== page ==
He says a top priority is getting a bigger voice for the community on key issues in the area.
Also elected in Forth was the SNP’s Ellie Bird, a young campaigner who works part-time for MP Tommy Sheppard.
Conservative Graeme Bruce, elected in Pentland Hills, works in IT and has been involved in community organisations like the Balerno Children’s Gala. He cycled 500 miles from Balerno High School to Paris to raise money for a Smartboard for an English classroom and 1,000 miles in 12 days around all 42 Scottish football clubs to raise money for a 2G pitch at the school.
Fellow Tory Susan Webber, also elected in Pentland Hills, runs her own health business and volunteers as a local, regional and national hockey umpire.
Hal Osler, who won a seat for the Lib Dems in Inverleith, moved to Edinburgh from London 20 years ago after marrying her Scots husband. She had worked in market research and product analysis, but took time off when her two children were small and got involved in voluntary work, then joined Stockbridge community council.
“I stood for the city council because I wanted to look at things from the other side and see how you can get communities involved and give them a voice.”
Tory John McLellan, right, who won in Craigentinny/Duddingston, is a former editor of Evening News and also had spells in charge of The Scotsman and Scotland on Sunday. Later he was communications director for the Scottish Conservatives.
Neil Ross, who won a seat for the Lib Dems in Morningside, is an elder and former scout leader at Greenbank Parish Church. He came to Edinburgh to go to university in 1977 and stayed. He joined the Liberals around the same time but had never stood for election before. He says after 30 years working in tax accountancy he was ready for something else.
Max Mitchell, a Tory elected in Inverleith, has worked for a local property company, a Fringe venue and taught English in a French high school. Currently he works in a cafe in the city centre.
Morningside Labour councillor Mandy Watt works for Edinburgh Rape Crisis Centre and the Zero Tolerance charitable trust and has campaigned against spending cuts.
Green City Centre councillor Claire Miller has been a community councillor for New Town and Broughton and volunteers for groups such as the Edinburgh Old Town Development Trust.
Phil Doggart, Conservative in Colinton/Fairmilhead, has lived in Edinburgh for 27 years and works as an actuary.
Scott Arthur, top right, elected for Labour in Colinton/Fairmilehead, is a university lecturer and church elder who was heavily involved in the 2014 Better Together campaign in the area.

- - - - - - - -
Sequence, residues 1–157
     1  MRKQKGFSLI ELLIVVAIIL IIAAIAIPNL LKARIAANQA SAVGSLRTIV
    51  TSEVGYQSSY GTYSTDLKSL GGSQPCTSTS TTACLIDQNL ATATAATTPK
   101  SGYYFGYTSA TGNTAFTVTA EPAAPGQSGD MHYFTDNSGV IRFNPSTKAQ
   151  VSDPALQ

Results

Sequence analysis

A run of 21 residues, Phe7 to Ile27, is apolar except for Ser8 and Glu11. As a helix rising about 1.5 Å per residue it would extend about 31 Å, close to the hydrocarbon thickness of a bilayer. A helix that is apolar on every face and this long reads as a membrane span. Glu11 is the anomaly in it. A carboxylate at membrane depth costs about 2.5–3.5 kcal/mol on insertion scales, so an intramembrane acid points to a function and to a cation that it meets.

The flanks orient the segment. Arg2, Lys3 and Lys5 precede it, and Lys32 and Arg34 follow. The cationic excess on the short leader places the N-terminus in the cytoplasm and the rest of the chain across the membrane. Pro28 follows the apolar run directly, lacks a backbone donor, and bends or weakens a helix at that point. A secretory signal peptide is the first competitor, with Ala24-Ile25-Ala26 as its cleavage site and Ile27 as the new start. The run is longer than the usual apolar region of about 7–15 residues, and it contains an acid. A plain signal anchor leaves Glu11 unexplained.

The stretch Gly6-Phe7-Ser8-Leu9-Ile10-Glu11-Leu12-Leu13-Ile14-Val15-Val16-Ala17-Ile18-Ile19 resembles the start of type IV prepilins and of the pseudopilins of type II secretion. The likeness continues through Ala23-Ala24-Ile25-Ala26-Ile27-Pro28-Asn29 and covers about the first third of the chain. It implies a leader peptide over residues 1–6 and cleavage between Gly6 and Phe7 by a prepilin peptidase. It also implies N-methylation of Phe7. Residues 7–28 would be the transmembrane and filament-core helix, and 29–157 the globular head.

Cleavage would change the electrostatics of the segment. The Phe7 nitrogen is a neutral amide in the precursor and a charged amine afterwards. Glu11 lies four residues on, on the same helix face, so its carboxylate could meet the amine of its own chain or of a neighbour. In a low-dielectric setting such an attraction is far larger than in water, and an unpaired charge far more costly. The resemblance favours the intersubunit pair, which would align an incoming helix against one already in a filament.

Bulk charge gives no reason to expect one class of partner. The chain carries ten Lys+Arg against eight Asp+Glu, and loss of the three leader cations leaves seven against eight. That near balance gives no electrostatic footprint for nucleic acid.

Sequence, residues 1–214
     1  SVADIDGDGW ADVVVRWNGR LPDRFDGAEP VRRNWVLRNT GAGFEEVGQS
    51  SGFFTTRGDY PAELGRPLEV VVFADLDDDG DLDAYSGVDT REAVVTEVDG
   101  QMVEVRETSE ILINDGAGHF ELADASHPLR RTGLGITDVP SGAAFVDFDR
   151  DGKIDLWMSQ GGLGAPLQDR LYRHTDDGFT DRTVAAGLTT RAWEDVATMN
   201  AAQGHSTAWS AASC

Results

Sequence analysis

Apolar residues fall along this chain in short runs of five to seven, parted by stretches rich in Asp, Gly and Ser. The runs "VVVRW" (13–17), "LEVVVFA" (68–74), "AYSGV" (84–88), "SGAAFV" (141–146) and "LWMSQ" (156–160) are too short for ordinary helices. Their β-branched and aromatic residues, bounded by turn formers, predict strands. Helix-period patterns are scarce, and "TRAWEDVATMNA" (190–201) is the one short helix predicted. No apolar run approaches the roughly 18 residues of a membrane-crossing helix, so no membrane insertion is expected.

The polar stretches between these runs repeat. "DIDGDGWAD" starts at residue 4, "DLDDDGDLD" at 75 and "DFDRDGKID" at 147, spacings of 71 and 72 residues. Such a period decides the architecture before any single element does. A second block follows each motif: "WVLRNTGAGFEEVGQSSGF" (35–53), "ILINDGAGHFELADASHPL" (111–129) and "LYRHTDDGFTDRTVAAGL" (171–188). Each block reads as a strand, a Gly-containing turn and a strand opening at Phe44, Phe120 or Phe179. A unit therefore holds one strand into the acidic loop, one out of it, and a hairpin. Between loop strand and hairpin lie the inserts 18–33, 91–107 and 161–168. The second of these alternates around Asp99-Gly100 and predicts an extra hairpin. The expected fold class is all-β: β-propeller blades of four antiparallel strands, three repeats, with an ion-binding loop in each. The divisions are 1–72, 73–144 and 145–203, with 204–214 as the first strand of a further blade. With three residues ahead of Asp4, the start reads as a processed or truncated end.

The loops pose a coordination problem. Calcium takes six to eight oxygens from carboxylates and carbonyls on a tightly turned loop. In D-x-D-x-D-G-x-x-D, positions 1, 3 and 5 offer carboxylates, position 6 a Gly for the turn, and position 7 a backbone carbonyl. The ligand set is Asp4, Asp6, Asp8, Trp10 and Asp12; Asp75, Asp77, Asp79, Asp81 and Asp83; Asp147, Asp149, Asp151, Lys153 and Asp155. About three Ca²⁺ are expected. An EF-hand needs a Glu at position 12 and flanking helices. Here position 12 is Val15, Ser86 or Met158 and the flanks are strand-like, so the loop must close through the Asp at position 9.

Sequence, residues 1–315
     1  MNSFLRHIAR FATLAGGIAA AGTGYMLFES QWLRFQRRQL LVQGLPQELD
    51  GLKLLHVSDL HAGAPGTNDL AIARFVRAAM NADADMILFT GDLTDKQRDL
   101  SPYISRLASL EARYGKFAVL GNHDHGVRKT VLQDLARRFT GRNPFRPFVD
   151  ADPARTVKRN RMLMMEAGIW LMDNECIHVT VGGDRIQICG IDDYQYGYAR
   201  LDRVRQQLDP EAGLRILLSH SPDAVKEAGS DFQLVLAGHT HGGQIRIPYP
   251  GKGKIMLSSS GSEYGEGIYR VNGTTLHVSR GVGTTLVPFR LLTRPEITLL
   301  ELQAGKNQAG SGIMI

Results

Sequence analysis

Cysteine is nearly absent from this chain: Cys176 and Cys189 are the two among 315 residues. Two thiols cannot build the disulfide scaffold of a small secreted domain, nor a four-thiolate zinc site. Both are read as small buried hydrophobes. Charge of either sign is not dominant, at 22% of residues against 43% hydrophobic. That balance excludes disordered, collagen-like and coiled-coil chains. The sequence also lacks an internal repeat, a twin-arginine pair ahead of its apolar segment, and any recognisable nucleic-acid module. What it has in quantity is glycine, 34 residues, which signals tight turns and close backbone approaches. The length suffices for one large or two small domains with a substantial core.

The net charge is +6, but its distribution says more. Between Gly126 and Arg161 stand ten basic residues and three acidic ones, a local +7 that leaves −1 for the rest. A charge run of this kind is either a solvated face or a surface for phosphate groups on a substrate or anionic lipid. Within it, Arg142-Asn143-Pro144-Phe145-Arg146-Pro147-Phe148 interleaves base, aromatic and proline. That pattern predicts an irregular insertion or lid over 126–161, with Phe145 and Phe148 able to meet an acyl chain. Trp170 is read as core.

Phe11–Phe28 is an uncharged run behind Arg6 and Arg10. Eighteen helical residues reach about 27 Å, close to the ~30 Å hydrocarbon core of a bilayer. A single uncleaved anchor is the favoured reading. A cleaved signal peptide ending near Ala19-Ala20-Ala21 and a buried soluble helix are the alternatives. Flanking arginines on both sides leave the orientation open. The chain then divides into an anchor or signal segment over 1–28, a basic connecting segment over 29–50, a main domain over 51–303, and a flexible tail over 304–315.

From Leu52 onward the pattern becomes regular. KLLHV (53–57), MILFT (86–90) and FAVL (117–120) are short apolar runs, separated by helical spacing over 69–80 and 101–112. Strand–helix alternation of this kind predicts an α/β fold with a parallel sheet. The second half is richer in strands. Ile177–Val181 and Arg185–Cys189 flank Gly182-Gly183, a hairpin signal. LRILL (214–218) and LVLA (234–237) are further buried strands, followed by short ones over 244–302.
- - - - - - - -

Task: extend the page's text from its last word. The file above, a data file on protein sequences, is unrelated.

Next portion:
Mark Brown, 43, who won a seat for the Tories in Drumbrae/Gyle, works in financial services and has stood for the council, Holyrood and Westminster in the past.
Tory Jim Campbell, elected in Forth ward, has lived in the area for nearly 50 years and works for John Lewis.
Alex Staniforth, below, Green councillor for Craigentinny/Duddingston, is a local actor, writer and historian who has secured extra funding for Edinburgh-based grass-roots arts projects.
Andrew Johnston, who won a seat in Fountainbridge/Craiglockhart for the Tories, works for MEP Ian Duncan and was previously in broadcasting.
All four councillors in Liberton/Gilmerton, are new, though Labour’s Lezley Cameron was on the council before and served as economic development leader. The SNP’s Derek Howie, was a social worker for 31 years and fought the by-election in the ward in 2013. He is registered blind and will be accompanied at the City Chambers by guide dog Lloyd. Fellow Nationalist Lesley Macinnes lives in Gilmerton and is former manager of an international organisation. Tory Stephanie Smith stood twice before in the ward and is now also standing in Edinburgh South at the general election.
SNP Portobello/Craigmillar councillor Kate Campbell works for MP Tommy Sheppard
Tory Graham Hutchison, elected in Almond, lives in Kirkliston and works in financial services. He is a church elder and stood against Nicola Sturgeon in last year’s Holyrood elections.
Claire Bridgman, SNP councillor for Drumbrae/Gyle, was born and brought up in the ward and attended Craigmount High School. She now runs her own career management business, helping people made redundant.
Lib Dem Kevin Lang, elected in Almond, used to work for Edinburgh West MP John Barrett and stood for Westminster in Edinburgh North and Leith in 2010. He now works for the Law Society – just across the road from his sister Louise Young, who works at Scottish Widows and was also elected in Almond for the party.
She was previously councillor for Leith Walk, 2001-12, and now lives in Kirkliston.